Now the Red Sox were looking to get the bats of Glasnow out of the game. They had Cody Reed on the mound to start things off, and Hunter Renfroe gained some positive momentum with a big one-out double. That brought Kiké Hernández to the plate as a knife hitter for Cordero, but he went down swinging. Arroyo was the last chance in inning where the Rays were to get Pete Fairbanks from the bullpen. The latter won this match and got a strike to strand the runner in second place and keep it a 3-1 ball game.
After Darwinzon Hernandez continued to struggle with control but managed to work around a few times, Boston had six more outs to play with on the plate. They had the heart of the order coming up to start the eighth with Fairbanks still running for the beams and Alex Verdugo got them to the right start by sticking a double into the right-midfield. JD Martinez liked the way it looked, so he followed it up with a double double to make it a 3-2 ball game, still without anyone out. After a Bogaerts strike, Devers hit one on a line, but it hung on to Margot for the second time. The only problem is that Martinez thought there were already two outs, so he was about third at this point, making it easy to double the beams to finish the inning. It was an inexcusable mistake by Martinez.
Matt Barnes came to a perfect ninth that included a couple of strikes, giving Boston their last chance to at least force this one into extra material. Diego Castillo got the call to Tampa to try to close this one, and the Red Sox quickly welcomed him. More specifically, Vázquez welcomed him by smashing a moon shot into the monster seats at a 0-2 pitch, and like that, we were all bound. That was all they could get, but it was enough to push this into extras.
Here I remind you that the extra inning rule for 2020 remains in place this year, meaning the Rays started the top of the tenth with a runner in second place. On the mound, Barnes was back for another inning of work, something he has struggled with in the past. He did not fight this time, again he threw a perfect inning and again struck a couple out in the process.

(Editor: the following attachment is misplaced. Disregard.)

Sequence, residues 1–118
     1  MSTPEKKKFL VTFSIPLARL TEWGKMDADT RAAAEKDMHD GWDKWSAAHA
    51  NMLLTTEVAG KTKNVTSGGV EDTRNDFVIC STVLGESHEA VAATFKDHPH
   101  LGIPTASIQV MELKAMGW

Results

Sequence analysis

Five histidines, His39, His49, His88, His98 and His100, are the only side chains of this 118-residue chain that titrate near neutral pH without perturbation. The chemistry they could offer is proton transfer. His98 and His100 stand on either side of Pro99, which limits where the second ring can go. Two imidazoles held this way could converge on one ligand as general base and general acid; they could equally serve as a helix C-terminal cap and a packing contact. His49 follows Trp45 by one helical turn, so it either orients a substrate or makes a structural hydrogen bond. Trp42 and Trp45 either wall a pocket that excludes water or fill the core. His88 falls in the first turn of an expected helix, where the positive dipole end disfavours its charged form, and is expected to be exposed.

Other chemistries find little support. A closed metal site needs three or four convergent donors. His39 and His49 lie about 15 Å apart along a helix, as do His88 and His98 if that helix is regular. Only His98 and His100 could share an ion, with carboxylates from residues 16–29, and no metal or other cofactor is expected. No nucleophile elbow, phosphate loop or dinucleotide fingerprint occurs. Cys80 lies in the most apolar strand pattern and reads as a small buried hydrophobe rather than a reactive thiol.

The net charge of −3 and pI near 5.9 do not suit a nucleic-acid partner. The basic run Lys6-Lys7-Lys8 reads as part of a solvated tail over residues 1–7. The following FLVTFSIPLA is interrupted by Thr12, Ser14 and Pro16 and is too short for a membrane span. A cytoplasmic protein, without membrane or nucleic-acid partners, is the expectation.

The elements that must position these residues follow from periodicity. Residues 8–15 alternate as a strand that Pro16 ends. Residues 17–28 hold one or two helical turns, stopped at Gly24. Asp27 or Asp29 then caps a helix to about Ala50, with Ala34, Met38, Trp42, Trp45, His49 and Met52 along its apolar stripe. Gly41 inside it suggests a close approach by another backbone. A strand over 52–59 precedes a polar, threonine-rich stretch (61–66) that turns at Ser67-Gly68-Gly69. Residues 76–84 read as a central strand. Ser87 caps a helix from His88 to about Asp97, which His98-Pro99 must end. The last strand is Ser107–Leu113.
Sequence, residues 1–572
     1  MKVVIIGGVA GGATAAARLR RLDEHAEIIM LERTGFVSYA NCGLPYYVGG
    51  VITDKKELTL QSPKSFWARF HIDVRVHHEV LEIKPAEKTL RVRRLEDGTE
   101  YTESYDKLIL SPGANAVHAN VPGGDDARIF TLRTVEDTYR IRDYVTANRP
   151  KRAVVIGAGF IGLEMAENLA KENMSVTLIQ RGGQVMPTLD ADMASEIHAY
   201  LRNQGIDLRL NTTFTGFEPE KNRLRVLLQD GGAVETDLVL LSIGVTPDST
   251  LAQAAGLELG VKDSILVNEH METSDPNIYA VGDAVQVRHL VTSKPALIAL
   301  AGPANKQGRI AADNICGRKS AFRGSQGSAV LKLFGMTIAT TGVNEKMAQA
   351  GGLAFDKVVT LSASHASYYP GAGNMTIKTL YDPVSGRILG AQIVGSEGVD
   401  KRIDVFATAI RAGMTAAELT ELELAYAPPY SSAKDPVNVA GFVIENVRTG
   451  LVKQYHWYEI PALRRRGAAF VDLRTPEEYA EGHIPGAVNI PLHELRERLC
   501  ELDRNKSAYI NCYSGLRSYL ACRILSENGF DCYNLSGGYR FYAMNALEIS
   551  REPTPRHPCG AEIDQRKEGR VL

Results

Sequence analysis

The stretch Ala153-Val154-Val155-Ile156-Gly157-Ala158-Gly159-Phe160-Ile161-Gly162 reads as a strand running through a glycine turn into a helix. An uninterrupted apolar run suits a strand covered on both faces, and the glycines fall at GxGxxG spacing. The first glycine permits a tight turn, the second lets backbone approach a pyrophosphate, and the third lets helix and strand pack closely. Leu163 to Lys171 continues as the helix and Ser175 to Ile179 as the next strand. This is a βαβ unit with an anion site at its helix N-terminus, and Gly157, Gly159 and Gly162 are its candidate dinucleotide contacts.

Now the Red Sox just needed to get the free runner home to take a victory walk. Arroyo started the inning by trying and failing to drop a bundle, but he still managed to move the runner up with a grounding to the right. So now Hernández was at third base with one out and the Rays chose to go Verdugo and brought Martinez up with a chance to make up for his blunder at the bases earlier. He smokes one, but Willy Adames made a really nice dive stop with the infield in. Boston still had runners on second and third, but now two outs and left it to Bogaerts. He could not get the ball in play and the strike moved this to the eleventh.
There it was Tanner Houck who came out of the bullpen to get a relief before being sent down on Thursday. Adames immediately came to him and smoked a line drive double in the left field to give Tampa the 4-3 lead. After a bundle moved the runner up to third, Houck kept the Rays in check with a few strikes to keep the deficit at just one.
In their attempt to get back, they went up against old friend Jeffrey Springs. At his very first pitch, Devers tore one to the left for a basic hit, and like that, we were all tied up again. For another straight frame, that was all they would get and we would go to another inning.
In the 12th, Phillips Valdez got the call to Boston, and after a quick first out, he threw one to the backstop, allowing Mike Zunino to go up to third. The wild pitch would prove to be expensive as the runner was away at contact, and while Bogaerts stopped a grounding up the middle while playing in, he had no play on the plate and the Rays sprang 5-4 ahead.
Then again, the Red Sox found themselves looking for at least one race to keep this game going, or even better two races to go home with the win. After two quick outs, the inning remained alive as Verdugo was hit by a pitch, leaving things to Martinez. The first pitch for him would come to the backstop and move the runners up to the second and third. Martinez then came through and slammed one in the right field out of reach of a diving Arozarena, brought both runners in and walked it off.
The Red Sox and Rays end their series here on Wednesday with Boston looking for a sweep in a YouTube-only game starting at. 13.05 ET. Nathan Eovaldi goes to Boston, while Ryan Yarbrough gets the ball to the Rays.